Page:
Among the 17 deaths, the mean age was 4.9 years (SD 5.9) with the mean number of days between injury and death being 5.9 days (SD 11.6). Among these, eight patients died within 24 h of arrival in the ED.
Table 3 shows the univariable logistic regression on cause of injury associated with severe outcome. Compared to falls, motor vehicle crashes (OR 7.2, 95% CI 4.3 to 12.0) and NAT (OR 5.8, 95% CI 1.8 to 18.6) were more likely to result in death, need for airway or neurosurgical intervention. This remained statistically significant when we stratified the analysis to patients aged under 2 years. We performed a multivariable logistic regression comprising age, cause of injury and location of injury. The above two causes, as well as an injury occurring outside the home, remained statistically significant for poor outcome (table 4).
Our study showed that motor vehicle crashes and NAT are associated with severe head injury outcomes. This association remained statistically significant after adjusting for age and the location of the injury. This should assist the ED physician in risk stratification when facing children with head injuries from various causes, alerting the need for early intervention and closer monitoring. Also, this allows for careful prioritisation of injury prevention strategies.
In this study, we focused on head injuries. Even though various causes of injuries can result in different anatomical injuries, paediatric head injuries are particularly important because of the following: (1) paediatric patients have a relatively larger head and are prone to head injuries, especially among the younger age groups; (2) children are at a stage of rapid brain growth and neurocognitive development; therefore, they are especially sensitive to brain injuries, and (3) TBIs result in death, as well as in lifelong physical, emotional, financial and social sequelae on the patient, caregivers, family and society.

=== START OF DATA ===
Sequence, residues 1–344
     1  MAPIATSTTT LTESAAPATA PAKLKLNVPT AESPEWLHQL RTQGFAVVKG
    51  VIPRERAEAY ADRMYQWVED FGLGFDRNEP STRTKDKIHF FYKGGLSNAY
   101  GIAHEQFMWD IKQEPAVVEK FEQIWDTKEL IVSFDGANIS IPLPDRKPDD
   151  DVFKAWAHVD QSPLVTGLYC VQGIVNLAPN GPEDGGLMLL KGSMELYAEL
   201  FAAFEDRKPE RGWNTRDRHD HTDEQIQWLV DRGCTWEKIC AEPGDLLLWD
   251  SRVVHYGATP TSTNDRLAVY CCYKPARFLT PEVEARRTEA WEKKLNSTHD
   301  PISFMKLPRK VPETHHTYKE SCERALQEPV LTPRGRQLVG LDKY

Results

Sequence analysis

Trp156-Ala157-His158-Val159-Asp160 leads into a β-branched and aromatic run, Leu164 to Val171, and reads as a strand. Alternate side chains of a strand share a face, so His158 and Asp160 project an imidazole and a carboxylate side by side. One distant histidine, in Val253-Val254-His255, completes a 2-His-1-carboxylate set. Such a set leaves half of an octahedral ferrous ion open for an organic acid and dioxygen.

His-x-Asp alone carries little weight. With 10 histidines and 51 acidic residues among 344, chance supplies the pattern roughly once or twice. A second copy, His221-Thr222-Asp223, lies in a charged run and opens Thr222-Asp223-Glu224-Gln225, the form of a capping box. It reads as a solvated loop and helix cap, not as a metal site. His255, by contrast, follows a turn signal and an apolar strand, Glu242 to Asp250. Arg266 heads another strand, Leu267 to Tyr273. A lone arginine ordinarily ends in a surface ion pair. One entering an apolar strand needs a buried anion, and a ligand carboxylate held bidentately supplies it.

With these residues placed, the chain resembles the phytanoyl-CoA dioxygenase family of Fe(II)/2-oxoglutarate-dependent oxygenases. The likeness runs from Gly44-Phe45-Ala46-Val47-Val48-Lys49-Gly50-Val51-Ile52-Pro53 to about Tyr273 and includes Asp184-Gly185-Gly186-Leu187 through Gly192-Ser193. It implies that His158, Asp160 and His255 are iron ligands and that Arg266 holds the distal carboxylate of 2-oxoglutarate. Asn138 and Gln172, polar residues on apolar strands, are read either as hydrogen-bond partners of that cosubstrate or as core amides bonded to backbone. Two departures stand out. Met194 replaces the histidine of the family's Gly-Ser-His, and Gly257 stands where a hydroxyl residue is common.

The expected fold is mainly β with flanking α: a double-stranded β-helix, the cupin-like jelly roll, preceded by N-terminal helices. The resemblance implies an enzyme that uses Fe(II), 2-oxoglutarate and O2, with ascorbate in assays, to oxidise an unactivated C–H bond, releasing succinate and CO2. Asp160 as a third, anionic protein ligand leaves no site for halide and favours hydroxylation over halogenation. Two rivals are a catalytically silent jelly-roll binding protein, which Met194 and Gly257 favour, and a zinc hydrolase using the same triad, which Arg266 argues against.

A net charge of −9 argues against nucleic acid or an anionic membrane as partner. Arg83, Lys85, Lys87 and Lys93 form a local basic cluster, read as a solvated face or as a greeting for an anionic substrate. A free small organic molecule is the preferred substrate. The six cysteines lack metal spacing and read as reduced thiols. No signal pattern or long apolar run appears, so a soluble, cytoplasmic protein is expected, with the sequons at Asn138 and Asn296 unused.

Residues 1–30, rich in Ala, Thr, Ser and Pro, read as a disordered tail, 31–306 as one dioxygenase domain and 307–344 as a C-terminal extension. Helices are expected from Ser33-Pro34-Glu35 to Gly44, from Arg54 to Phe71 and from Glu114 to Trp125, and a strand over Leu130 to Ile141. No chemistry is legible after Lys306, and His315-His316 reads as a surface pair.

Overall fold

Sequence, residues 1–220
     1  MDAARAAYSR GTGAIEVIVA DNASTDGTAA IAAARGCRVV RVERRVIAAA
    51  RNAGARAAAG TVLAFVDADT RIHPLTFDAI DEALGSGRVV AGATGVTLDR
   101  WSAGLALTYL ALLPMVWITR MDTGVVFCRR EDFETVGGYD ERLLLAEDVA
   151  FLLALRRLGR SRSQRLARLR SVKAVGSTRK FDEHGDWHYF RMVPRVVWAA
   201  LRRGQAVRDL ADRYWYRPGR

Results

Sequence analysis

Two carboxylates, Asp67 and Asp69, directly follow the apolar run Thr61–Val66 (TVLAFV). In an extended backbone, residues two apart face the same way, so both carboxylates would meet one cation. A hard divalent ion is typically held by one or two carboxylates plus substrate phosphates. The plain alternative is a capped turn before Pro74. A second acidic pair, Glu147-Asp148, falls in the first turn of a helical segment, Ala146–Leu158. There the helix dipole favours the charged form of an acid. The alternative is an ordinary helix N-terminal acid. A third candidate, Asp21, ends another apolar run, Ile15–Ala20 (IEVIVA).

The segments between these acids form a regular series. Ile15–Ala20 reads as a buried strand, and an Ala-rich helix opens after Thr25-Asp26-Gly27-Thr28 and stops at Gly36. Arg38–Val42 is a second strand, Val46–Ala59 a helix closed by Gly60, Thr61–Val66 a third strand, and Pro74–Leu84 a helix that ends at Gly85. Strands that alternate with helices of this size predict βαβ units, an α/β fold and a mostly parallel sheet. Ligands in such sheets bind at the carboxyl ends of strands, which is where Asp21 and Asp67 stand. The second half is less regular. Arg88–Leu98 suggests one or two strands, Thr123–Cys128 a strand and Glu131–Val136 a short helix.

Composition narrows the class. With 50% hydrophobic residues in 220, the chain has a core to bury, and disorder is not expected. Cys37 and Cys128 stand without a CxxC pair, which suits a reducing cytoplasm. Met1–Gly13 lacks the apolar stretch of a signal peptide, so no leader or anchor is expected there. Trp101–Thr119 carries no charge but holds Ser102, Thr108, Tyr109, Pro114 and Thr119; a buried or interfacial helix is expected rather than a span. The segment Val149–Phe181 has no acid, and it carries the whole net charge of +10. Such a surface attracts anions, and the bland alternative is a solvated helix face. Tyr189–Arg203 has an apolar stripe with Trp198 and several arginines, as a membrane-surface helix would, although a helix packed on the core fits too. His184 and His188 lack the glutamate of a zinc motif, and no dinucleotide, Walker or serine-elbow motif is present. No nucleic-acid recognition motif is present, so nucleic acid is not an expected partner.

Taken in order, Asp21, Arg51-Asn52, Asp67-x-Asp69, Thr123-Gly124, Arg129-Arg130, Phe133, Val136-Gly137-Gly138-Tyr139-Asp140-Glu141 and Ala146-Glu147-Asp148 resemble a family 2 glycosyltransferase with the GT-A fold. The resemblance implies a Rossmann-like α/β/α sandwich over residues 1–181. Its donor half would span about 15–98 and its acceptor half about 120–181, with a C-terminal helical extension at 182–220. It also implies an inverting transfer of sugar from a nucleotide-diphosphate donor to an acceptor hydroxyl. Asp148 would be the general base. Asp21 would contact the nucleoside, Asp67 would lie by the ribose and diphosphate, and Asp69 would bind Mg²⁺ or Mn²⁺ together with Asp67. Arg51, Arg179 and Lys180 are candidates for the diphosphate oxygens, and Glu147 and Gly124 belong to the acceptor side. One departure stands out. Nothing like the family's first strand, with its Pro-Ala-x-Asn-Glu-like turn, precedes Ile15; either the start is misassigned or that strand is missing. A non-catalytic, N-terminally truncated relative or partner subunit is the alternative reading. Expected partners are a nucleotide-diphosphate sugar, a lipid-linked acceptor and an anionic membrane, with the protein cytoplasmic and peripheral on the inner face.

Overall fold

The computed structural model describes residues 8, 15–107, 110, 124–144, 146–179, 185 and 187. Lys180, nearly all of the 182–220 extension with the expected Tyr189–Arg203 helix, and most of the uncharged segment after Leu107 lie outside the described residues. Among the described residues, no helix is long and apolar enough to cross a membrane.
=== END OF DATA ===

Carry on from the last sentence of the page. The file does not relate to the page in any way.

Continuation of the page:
The causes of injuries among this patient population in Singapore are largely consistent with prior reports.16 While falls are common, road traffic accidents tend to be associated with larger forces and more severe injuries. Our study showed that this effect was evident regardless of age or location of injury. In Singapore, it is mandatory for children riding bicycles on roadways to don helmets. It is also mandatory for children in motor vehicles to be appropriately restrained.18 In this population of head-injured children presenting to the ED, compliance with road safety laws is still found wanting. Similarly, this was recently reported in the USA where only about half of the children with motor vehicle crash fatalities wore any child restraints.19 Child safety programmes initiated at the ED20 have been reported and should be explored. Pedestrians, on the other hand, are known to be at high risk of severe injuries compared to other motorway users—this is especially applicable to older children who may not be supervised when crossing the roads.
In our patient population, the presence of abuse portended a more severe outcome and a longer hospital stay. NAT in our country is diagnosed and managed along international standards.21 These are confirmed at case conference, civil, family or criminal court proceedings, or by stated criteria, including multidisciplinary assessment.21 Since they are associated with worse outcomes, they must therefore be promptly recognised by all first-line physicians who must also rapidly activate social help services and the corresponding law enforcement agencies.